This page is dedicated to Dad/Grampa/Uncle(and to everyone who knew him a friend)
Just started and will be adding lots in the future
Last Update - March 11, 2012
There are so many positive things about dad and I would like to share a few of them today.
Dad had many gifts, but one of them was his fantastic memory. We were so lucky to hear his wonderful stories. It was like having our own “HISTORY CHANNEL”
He would tell us stories of life during the depression, wartime and after the war. All his history stories as told by dad included what family life in Cobalt and area were like during
these times. Dad managed to keep these stories filled with positive stuff like the booming Cobaltand the characters that lived and passed through our home town.
He told stories of meeting his love of 70 + years and the struggles and challenges of building their first home. This home was and is the “LOG” foundation of our family.
The only sad stories dad would tell us were about friends he had lost that he had a deep bond with like.
Bill Gabbani, who he grew up with and worked with in Kirkland Lake in the early years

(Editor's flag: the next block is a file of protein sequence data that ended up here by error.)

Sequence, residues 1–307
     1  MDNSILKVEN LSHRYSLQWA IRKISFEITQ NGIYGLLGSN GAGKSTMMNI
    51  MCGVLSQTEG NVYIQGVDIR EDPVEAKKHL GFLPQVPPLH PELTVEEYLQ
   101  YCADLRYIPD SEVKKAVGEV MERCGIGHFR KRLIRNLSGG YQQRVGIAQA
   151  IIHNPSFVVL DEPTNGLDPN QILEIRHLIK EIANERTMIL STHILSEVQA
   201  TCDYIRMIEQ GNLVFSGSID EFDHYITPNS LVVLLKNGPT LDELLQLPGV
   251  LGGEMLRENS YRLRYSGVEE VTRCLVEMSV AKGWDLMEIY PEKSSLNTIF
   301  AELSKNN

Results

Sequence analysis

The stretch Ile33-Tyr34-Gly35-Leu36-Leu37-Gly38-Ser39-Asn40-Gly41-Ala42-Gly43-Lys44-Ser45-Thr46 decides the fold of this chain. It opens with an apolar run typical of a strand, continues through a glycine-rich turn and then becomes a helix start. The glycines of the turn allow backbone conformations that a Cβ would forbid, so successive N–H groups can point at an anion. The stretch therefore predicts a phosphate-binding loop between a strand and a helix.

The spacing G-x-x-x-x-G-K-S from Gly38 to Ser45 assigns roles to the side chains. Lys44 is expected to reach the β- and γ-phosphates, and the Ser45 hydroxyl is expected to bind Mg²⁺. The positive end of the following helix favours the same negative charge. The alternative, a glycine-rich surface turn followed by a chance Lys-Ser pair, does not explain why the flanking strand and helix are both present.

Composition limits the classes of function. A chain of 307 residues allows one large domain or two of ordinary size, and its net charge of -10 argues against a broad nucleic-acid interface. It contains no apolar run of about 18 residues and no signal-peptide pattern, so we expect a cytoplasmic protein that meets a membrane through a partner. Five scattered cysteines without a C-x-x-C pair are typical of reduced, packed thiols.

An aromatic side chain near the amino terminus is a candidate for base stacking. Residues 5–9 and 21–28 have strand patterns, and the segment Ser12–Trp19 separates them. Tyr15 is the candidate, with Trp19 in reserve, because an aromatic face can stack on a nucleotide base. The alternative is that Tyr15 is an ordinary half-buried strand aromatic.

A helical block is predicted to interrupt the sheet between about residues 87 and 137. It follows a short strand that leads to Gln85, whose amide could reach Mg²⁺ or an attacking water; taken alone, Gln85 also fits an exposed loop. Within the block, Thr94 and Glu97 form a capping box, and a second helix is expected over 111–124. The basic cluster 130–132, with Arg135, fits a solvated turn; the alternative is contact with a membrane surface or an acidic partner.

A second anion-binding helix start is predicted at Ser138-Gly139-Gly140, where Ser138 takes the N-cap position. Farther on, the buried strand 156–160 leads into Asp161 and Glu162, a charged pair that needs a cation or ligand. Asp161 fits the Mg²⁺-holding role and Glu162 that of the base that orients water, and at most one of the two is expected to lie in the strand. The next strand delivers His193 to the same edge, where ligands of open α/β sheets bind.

Bill’s dad, who dad told us shared his same passion for the outdoors
Roy Miller, who dad said was the best shot he ever knew.
Ray Gareau, who may have been a better story teller than dad.
We knew dad told us these stories to make sure that these special people in his life were not forgotten. As I mentioned, dad had a passion for the outdoors and
always would feel right at home with everyone he met that also loved the outdoors. Dad used this passion to teach us about life through his appreciationand love
of nature by sharing his outdoor stories. Before we knew it we were part of his stories as he was of ours. Here is a very small sample of childhood memories of our
dad we would like to share with you.
Dad the teacher
We were taught at a very young age how to be very very good …….. dew worm pickers.
Dad also taught us the anatomy of fish as we would gather around him to watch how fast and smoothly he would fillet a fish.
Dad taught us how to turn a normally mundane task like making a “Western” into an entertaining event.
Dad taught us how most things could be repaired with hay wire, tape or glue
Dad taught us how to be a good friend
And finally dad taught us to be our own person.
Dad the entertainer
Today we look back on their small living room and remember when we were growing up, it was often filled with family and friends enjoying singing and
dancing, and of course listening to the music provided by the volunteer who would play the often out of tune piano.